In the same vein, Lamb claims that:

CW's function is to hound and intimidate faculty and students at colleges who are critical of the Zionist occupation of Palestine.

In contrast, CW's function, per the mission statement on the homepage of our website, is as follows:

Campus Watch, a project of the Middle East Forum, reviews and critiques Middle East studies in North America with an aim to improving them. The project mainly addresses five problems: analytical failures, the mixing of politics with scholarship, intolerance of alternative views, apologetics, and the abuse of power over students. Campus Watch fully respects the freedom of speech of those it debates while insisting on its own freedom to comment on their words and deeds.

Lamb continues:

Pipes and CW create 'dossiers' on professors, students and university administrations thought hostile to Israel. Under civic pressure from Americans who opposed his tactics and insisted on having their own names added to his personal 'terrorist list,' Pipes withdrew his dossiers from the CW website but he still circulates them to scores of 'select and executive subscribers' and other hate groups in order to get the word out about academics and others who support Palestine or criticize Israel.

Dossiers posted at CW's launch—in September 2002—stayed on the site for two weeks. While Middle East studies academics did indeed respond with outrage to the intrusion of outside criticism into their insular world, the dossiers were not removed because of "civic pressure," but rather, because they had already served their purpose. As to the alleged "terrorist list," it never existed. Neither Pipes nor CW "still circulates" these dossiers to anyone, let alone the "select and executive subscribers" or "hate groups" to which Lamb falsely alludes. All of the research, analysis, and criticism of Middle East studies academia at the CW website is available to anyone with an internet connection.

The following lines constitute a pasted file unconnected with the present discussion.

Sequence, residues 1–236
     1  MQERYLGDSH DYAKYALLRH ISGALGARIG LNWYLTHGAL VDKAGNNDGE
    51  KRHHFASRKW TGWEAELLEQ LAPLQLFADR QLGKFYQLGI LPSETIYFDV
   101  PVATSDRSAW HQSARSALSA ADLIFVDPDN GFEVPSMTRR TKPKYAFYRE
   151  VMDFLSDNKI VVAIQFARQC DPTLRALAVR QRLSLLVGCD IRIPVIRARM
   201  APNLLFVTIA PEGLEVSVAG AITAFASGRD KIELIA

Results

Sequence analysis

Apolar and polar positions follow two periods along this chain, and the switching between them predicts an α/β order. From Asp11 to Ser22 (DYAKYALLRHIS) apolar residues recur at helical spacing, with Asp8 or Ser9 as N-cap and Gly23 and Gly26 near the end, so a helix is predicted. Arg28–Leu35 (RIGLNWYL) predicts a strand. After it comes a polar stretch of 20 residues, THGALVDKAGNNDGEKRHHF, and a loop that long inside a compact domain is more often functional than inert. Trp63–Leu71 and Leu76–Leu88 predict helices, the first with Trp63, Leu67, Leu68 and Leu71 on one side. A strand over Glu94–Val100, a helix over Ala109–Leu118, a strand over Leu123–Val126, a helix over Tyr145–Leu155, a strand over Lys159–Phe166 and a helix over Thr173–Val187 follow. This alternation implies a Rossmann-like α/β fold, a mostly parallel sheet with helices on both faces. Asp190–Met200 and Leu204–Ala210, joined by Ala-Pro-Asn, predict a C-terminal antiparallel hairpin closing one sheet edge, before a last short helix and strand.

Engaging in a time-honored tradition of taking Pipes's quotes out of context in order to depict him as anti-Muslim, Lamb writes:

In 1990 Pipes wrote in the NR [National Review] that 'Western societies are unprepared for the massive immigration of brown-skinned peoples cooking strange foods and maintaining different standards of hygiene . . . All immigrants bring exotic customs and attitudes, but Muslim customs are more troublesome than most.'